- Waist-to-hip-ratio is a quick and easy way to check how much weight you carry around your middle. It’s just one of several measures along with BMI that you can measure without the help of any clinical experts to evaluate your weight and health.
This makes the measurement and calculation of these parameters easy and thereby you can use it as a guide to control your disease risk factors.
Graphical User Interface
Six panels are used to create the complete look of this application. Once the app starts running, the user first sees the input / user panel. After clicking the "Show My Results" button, the app will take you to the next panel, the result panel. From the result panel, the user can view the score analysis of the BMI, WHR and WHtR, and the caution panel will provide an overview of various preventive measures. The entire graphical user interface was created using MATLAB App Designer, and the webinar video below explains how to create it.
Once the application panel is ready, the next step is to write the code to determine the behavior for the components, the following image shows the overall workflow of the application design.
so in the first stage, data acquisition, we will be collecting the different body parameters including gender, height , weight, waist circumference and hip circumference from the user side as an input to our application. These parameters are then used to calculate the BMI, WHR and WHtR. In the output stage there will be health risk level prediction with respect to your score and gender. There will be a individual score analysis as well as a general conclusion out of it, moreover this application will also give an idea about the precautions to be followed in order to maintain healthy lifestyle.
Once the input parameters are obtained, the model will predict your health by following three steps: unit conversion, BMI, WHR, WHtR calculation, and finally risk level classification based on BMI, WHR and WHtR scores. In the coming sections, we will see the algorithms that were followed to perform these steps.
In this stage, the user body parameters are converted to standard units before calculating the different measures of obesity such as BMI, WHR, and WHtR. Initially, the algorithm will check whether the user has entered all the required entries, and if any fields are empty, it will show a user error message saying "Fill up the data". Once the data is filled in, the algorithm will check whether each of the body parameter units is in predetermined units, otherwise it is converted back to predetermined units, and finally, these parameters will be used in the calculation step.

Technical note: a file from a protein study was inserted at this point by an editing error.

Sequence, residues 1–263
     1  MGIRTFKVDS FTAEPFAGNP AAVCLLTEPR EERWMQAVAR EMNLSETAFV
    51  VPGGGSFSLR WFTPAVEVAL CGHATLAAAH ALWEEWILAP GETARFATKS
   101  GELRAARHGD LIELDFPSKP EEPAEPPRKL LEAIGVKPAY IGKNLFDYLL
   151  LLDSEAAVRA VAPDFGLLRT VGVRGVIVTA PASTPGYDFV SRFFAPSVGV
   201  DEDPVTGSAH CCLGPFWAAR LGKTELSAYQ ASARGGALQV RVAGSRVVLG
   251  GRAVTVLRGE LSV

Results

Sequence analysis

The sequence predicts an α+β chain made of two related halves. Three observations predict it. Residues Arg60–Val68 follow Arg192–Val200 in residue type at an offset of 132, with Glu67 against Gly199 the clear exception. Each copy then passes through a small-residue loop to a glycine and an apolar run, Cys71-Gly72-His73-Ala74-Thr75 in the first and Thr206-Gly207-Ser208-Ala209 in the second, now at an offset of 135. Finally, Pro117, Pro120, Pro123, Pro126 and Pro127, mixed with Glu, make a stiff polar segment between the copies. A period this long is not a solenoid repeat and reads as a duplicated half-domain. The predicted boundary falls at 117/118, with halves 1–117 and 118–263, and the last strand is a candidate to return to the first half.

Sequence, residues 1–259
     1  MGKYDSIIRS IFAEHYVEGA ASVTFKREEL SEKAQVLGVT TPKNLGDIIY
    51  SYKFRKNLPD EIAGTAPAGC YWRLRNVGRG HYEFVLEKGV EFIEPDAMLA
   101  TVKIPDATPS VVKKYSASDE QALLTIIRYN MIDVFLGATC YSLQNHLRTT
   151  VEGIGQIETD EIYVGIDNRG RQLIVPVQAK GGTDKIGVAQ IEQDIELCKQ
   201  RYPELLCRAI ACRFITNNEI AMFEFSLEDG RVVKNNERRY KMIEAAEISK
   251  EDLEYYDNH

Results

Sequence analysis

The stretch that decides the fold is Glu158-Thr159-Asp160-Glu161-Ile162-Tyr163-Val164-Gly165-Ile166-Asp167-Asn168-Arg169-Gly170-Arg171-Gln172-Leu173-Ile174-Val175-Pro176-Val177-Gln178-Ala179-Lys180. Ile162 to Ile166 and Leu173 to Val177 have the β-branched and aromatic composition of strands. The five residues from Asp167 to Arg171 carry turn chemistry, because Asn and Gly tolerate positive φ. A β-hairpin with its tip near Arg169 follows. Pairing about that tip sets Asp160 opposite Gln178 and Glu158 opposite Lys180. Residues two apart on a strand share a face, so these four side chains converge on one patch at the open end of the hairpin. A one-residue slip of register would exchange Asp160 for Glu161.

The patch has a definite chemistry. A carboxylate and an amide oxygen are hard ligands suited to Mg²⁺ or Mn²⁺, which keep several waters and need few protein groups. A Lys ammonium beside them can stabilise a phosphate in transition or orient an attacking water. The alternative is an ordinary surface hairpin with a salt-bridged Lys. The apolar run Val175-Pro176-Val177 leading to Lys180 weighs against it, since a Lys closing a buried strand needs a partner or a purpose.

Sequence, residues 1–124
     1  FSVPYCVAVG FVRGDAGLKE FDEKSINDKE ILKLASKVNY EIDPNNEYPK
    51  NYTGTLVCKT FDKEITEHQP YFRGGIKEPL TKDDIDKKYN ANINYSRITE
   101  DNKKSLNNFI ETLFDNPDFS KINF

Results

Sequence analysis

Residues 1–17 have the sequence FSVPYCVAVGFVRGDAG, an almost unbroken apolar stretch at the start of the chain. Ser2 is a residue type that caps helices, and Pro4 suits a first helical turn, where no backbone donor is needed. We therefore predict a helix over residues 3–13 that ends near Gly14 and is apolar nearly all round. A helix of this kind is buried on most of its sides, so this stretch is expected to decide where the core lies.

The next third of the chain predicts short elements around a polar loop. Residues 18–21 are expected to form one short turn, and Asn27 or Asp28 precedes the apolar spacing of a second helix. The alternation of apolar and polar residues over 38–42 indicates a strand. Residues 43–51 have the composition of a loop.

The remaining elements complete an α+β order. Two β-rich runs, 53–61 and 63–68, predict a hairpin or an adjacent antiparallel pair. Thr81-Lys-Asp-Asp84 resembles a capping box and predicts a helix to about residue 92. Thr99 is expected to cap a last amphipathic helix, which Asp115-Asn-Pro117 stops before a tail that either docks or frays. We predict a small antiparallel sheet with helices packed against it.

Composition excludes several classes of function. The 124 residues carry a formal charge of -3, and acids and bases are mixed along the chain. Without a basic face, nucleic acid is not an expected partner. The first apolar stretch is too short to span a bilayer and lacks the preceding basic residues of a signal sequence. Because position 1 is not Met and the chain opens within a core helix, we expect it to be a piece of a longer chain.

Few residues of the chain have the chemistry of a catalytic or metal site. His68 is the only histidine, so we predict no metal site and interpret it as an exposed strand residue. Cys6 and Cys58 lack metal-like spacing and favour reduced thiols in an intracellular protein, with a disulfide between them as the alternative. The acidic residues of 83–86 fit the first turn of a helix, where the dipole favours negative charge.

BMI, WHR and WHtR calculation
The prime objective in this step is to calculate the BMI, WHR, and WHtR from the user parameters such as gender, height, weight, waist measurement, and hip measurement. The equations that are followed to calculate these obesity indices are given bellow:
Risk level classification based on BMI, WHR and WHtR scores
In this stage, the scores are classified into different health conditions based on gender. The results can give you will give you a complete picture of your health and give you an accurate idea of whether or not you should consider changing your diet or exercise routine.
Let's start with BMI, it incorporates height and weight, but not physique, fitness, age or gender. For adults 20 years and older, BMI incorporates weight and height but does not take age or gender into account. A woman who has the same BMI have more body fat than a man. Therefore the following algorithm is used for classifying the BMI score obtained for both men and women.
The WHR and WHtR are less age-dependent indices, but there are significant differences in body composition in men and women, and women having more body fat. The distribution of fat varies by gender, and men have a relatively higher central distribution of fat. These differences start early in life and become more pronounced in adulthood due to changes in sex hormone levels. In both men and women, the waist, hip and hip ratio increases with age. The difference in scores was found to be statistically significant for both genders, so the algorithm considered specific score cut-points based on gender.